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Optics Communications journal homepage: www.elsevier.com/locate/optcom

Quantiﬁcation of bipartite and multipartite entangled states in Mach–Zehnder interferometer Mohamad Ali Jafarizaeh a, Farzam Nosraty b,n, Mostafa Sahrai b a b

Department of Physics, University of Tabriz, Tabriz, Iran Research Institute for Applied Physics and Astronomy, University of Tabriz, Tabriz, Iran

art ic l e i nf o

a b s t r a c t

Article history: Received 24 July 2014 Received in revised form 11 October 2014 Accepted 31 October 2014

In the present study, the amount of entanglement of the quantum states capable of being used in an optical interferometer such as the Mach–Zehnder one was characterized and determined, and their relationship to the phase sensitivity was also examined. In other words, the multipartite entanglement of single-input, twin-input and N00N states were investigated in terms of the number of photon states entering Mach–Zehnder interferometer. In addition, the spatial modes of entanglement produced by Mach–Zehnder interferometer-as bipartite entangled states for Fock and squeezed states-was also determined. The amount of spatial modes of entanglement showed the interference of the quantum states. It was found that the more amount of the photon entanglement in twin-input and N00N states leads to the improvement of the phase sensitivity of the interferometer. In the squeezed state, by increasing the squeezed parameter of the two modes, their entanglement as well as their phase sensitivity was enhanced. & 2014 Published by Elsevier B.V.

Key words: Quantum entanglement Geometric measure Von Newumann entropy Phase sensitivity

1. Introduction Entanglement is a speciﬁc feature of quantum mechanics and the most relevant resource for quantum information processing [1–3]. Therefore, in the recent years, quantum entanglement has been known as a powerful source to extract information from a physical system. Entanglement measures are the most important part of quantum information theory. By deﬁnition, entanglement measures should quantify its amount in a given state. The numerous entanglement measures have been utilized for the purpose of describing different properties of the quantum state from among which von Newumann entropy, entanglement formation, and geometric measure of entanglement can be mentioned [4–9]. One of these properties is the phase sensitivity in optical interferometer. Interferometry is a fundamental component of sensing (e.g. measurement precision) and imaging techniques. Optical interferometry is usually described in the Mach–Zehnder conﬁguration. The phase sensitivity of the conventional Mach–Zehnder interferometer (MZI) is bounded by the shot noise limit δφ = 1/ n (where n is the total photon number in the interferometer). The non-classical light is used to enhance phase sensitivity because enhancing sensitivity to detect the phase in the optical system plays a highly important role in lithography and imaging. Also the n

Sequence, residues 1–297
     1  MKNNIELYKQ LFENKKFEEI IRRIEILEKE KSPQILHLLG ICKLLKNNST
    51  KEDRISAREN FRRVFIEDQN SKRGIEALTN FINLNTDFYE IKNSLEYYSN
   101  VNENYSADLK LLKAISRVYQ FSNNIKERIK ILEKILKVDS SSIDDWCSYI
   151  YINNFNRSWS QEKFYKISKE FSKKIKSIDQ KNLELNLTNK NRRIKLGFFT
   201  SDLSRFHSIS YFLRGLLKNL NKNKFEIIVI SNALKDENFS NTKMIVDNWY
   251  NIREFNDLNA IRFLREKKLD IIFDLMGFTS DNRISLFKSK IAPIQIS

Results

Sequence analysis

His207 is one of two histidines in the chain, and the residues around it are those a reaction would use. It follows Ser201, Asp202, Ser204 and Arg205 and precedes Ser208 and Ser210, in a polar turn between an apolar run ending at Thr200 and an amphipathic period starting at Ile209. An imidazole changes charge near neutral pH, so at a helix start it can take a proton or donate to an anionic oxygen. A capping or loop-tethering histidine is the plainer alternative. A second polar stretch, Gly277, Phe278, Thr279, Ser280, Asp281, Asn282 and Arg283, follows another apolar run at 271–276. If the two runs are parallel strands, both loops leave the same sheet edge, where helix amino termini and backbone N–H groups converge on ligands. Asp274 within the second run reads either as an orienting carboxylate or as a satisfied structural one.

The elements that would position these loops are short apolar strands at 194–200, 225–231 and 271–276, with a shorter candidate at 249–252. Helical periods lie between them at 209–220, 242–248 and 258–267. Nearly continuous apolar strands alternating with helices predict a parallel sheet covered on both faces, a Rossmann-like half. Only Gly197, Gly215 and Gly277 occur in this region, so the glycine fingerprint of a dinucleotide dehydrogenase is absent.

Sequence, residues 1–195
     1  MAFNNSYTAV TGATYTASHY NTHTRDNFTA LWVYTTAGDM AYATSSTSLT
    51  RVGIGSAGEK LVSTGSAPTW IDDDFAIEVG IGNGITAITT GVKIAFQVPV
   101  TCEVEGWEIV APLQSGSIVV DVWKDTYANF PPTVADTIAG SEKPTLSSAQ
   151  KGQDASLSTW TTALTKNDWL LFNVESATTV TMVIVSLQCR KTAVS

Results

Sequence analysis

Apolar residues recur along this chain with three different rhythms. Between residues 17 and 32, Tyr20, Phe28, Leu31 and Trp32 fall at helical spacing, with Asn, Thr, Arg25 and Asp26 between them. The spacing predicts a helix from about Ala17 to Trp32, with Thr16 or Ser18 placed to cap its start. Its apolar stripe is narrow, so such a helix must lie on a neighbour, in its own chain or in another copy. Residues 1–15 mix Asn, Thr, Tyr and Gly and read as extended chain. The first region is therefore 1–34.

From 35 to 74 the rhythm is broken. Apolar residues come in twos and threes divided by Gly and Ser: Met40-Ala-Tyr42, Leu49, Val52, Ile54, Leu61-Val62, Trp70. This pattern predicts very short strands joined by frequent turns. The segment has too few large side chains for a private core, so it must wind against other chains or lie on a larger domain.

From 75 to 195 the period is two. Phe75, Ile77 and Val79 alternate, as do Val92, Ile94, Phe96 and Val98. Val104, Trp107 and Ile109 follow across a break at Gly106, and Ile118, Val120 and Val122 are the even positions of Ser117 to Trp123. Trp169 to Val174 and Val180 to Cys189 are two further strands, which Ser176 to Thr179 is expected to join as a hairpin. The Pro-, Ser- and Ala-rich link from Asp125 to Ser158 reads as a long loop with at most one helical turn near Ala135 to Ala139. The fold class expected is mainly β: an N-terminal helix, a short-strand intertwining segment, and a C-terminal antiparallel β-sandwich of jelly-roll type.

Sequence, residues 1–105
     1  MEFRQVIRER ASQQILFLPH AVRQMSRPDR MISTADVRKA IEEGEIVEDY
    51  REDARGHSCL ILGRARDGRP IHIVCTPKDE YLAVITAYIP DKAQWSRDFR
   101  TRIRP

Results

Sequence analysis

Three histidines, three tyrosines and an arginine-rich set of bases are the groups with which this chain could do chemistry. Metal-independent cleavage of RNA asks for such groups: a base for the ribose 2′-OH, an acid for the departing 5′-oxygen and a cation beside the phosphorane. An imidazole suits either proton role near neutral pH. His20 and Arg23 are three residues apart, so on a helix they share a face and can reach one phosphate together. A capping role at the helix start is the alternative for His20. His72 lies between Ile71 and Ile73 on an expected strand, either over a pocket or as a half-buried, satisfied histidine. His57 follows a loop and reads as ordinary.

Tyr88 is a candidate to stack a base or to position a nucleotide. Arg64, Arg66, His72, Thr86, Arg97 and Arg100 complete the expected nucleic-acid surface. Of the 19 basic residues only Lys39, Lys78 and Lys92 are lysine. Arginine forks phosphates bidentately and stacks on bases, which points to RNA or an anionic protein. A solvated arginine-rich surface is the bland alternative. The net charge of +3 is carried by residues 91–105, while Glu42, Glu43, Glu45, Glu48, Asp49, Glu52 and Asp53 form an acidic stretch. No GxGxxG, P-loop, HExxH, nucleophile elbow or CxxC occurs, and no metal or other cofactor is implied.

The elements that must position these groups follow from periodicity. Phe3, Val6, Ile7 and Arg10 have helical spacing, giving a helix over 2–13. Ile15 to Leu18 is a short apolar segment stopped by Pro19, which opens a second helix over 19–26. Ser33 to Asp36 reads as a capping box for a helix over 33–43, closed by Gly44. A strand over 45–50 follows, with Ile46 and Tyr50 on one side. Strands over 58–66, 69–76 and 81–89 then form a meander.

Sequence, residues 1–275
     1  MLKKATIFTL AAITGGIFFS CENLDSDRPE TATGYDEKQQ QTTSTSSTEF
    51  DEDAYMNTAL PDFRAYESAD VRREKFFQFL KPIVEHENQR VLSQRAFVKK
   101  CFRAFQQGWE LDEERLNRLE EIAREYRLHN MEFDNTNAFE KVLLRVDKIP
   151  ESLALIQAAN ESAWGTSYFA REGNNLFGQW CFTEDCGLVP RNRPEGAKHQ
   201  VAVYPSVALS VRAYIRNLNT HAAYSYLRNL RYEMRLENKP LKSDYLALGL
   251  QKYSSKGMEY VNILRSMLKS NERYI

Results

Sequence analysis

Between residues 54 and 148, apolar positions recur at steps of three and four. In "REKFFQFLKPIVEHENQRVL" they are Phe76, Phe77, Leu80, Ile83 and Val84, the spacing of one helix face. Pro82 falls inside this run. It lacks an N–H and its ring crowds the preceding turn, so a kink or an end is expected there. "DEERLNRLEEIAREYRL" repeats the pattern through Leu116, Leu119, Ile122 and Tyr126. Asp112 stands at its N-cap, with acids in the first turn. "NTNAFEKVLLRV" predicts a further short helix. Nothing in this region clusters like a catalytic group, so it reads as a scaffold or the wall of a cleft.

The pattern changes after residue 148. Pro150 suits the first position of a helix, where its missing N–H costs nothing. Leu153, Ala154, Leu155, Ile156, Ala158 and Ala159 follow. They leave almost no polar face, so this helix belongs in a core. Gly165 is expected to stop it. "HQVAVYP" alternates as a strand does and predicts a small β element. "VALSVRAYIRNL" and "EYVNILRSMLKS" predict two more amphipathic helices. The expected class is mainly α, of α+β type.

Corresponding author. E-mail address: [email protected] (F. Nosraty).

so-called Heisenberg limited δφ = 1/n is achieved by using N00N states [10–24]. This study set out to distinguish and quantify the amounts of entanglement in MZI as a source of phase sensitivity enhancement. Two kinds of entanglement, the entanglement between spatial modes and photon entanglement were studied. Firstly, the entanglement between spatial modes (lower and upper arms) in MZI for various input states including Fock and squeezed states was investigated. In this case, the investigation was based on the von Newumann entropy. Secondly, the photon entanglement of the input Fock states fed into MZI was examined based on the geometric measure of the multipartite entangled states. Furthermore, the phase sensitivity of various input states which was described by optimal detection strategy was investigated. It was found that as the photon entanglement of the twin-input and the N00N states increases, the phase sensitivity of the interferometer improves as well. To the best of researchers' knowledge, the results presented here have not been previously reported. The present study is organized as follows: Section 1 is concerned with the introduction part. In Section 2, the multipartite entanglement of the single- and twin-input states is studied, and the amount of entanglement between spatial modes produced by MZI is determined. The phase sensitivity obtained by the aforementioned states and their relation to the entangled ones (similar procedure being held for Sections 3 and 4) is investigated. In Section 3, the bipartite and multipartite amounts of the Schrodinger cat state entanglement, more commonly called the N00N

http://dx.doi.org/10.1016/j.optcom.2014.10.072 0030-4018/& 2014 Published by Elsevier B.V.

Please cite this article as: M. Ali Jafarizaeh, et al., Optics Communications (2014), http://dx.doi.org/10.1016/j.optcom.2014.10.072i

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M. Ali Jafarizaeh et al. / Optics Communications ∎ (∎∎∎∎) ∎∎∎–∎∎∎

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state, are studied. In Section 4, the entanglement amount between spatial modes of squeezed light fed into MZI was investigated. Finally, the conclusion was presented in Section 5.

2. Single- and twin-input states In this section, the geometric measure of entanglement is used to obtain the amount of single-input and twin-input state entanglement. The geometric measure is a distance-like measure, in other words, geometric measure assesses the entanglement in terms of “remoteness” of given state from the set of separable states. Besides, the deﬁnition of the geometric measure can be viewed as an optimization problem in the sense of ﬁnding closest product state. The aforementioned remoteness is expressed by the maximal overlap of a given pure multipartite state with all pure product states [5–7]. The logarithm geometric measure of entanglement is described as follows: